150

Diaries of Nathaniel Truell, Civil War and GAR, 7th NH Vols., Plus

Lot includes diaries from 1859, 1881, 1882, 1884, 1888, 1889, 1890, 1912, 1915.

There is also a small diary with note on ffep: "This is a journal kept in the ship Versailles of Boston...William C. Hanscome-Heath, Haverhill, Mass. USA." It covers the period from April 1859 to May 3, 1862. Some of his entries are from New Zealand and Australia. The first half is so light as to be nearly unreadable; the first readable pages are from Sept. 1861. Most entries relate to weather and how the sails are set. On Jan. 7, 1862, while in Hobsons Bay, Australia, one entry is "Comedore [sic] Perry sailed for N. Zealand." Jan. 22 - "My Birth Day 22 years old."

Pocket Memorandum Almanac, 1859. 3 x 5 in. Printed paper wraps. Usual monthly almanac in front, then a page for each week, with small spaces for each of the seven days. He used this for his diary this year. Most of the notes relate to weather and the farm. Thus, on Jan. 1, they killed the hog and spent much of the day cleaning. Although this came with the other diaries, it reads like a woman's diary, since most of the activity is typically associated with women - cooking, baking, cleaning, washing, etc. No identifiers in the almanac itself.

Also included is The Picket. Philadelphia: American Sunday-School Union, 1862. 16mo, embossed brown cloth boards, 35pp. ffep with inscription "Mary Werner / Christmas 1865 ; By her teacher / Mrs. Moyer." This has a military-themed religious message - like the pickets guarding the army's camp, you are a picket for Jesus. Stay alert for wickedness and stop it before it overtakes the entire camp.

The diaries are "The Standard Diary" for whatever year, other than the aforementioned almanac. Most of the days are filled in (pencil) and relate to life in a small town with a farming focus. So, like most of the war-dated diaries we have seen, the entries begin with the weather. They can include who visited whom, what kinds of tasks were carried out (shelling corn, putting up a load of hay), cash account pages recording cans of milk sold, etc.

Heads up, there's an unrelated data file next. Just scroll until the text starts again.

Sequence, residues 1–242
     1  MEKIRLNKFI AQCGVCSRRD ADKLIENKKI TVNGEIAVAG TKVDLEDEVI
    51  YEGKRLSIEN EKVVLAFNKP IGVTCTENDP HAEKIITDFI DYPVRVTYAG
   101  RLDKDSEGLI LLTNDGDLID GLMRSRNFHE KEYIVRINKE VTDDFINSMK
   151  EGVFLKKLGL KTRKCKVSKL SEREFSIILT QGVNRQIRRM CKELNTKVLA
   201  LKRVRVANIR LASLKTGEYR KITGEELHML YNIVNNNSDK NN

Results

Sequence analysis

All but one (1890) of the Standard Diaries have various receipts in the rear pocket. There are receipts for fraternal dues (IOOF and GAR, Oliver W. Lull, Post No. 11), taxes, a few business cards, PO Box rental, a flier/broadside for Memorial Day exercises (1882), newspapers (Nashua Gazette, some weekly, some daily). There are occasional receipts for goods and services - one has a farrier's bill, a few have hardware store receipts. In 1884, there is a Roster of GAR Post members (3 x 3.5 in.), an IOOF Roster of Officers, and Directories of IOOF Lodges in the Milford, NH area. Some are not from the year in which they are located - for example, the GAR roster is from 1887, but is in the 1884 pocket. (This could have been done by Truell - put it in one not being used daily so it didn't get lost - or a later owner. We left them where found.)

Nathaniel Truell enlisted in October 1861 as a 23-year-old private. He mustered into Co. H, 7th NH Vol. Infy. Shortly after, he became a corporal, but was reduced to private in 1864. This unit had a slightly different recruiting and deployment history from other similar units. It spent most of its first two years in the Florida islands and on the South Carolina coast. Unfortunately disease took its toll, killing over 200 in the first year, most of smallpox and typhoid fever. It would also lose nearly that many killed and mortally wounded. It would move to the main Eastern Theater battles later in 1864, first at Petersburg, then elsewhere on the Peninsula, often engaged in construction of defenses and batteries. In early 1864, of the original 800 or so enlisted in the 7th, fewer than 200 veteranized. Truell mustered out at the end of the year when his 3-year enlistment was finished.

Condition:

Variable, but generally very good.

Estimate: $600 - $1,000
Price Realized Including Buyer's Premium
$375
11/15/2019

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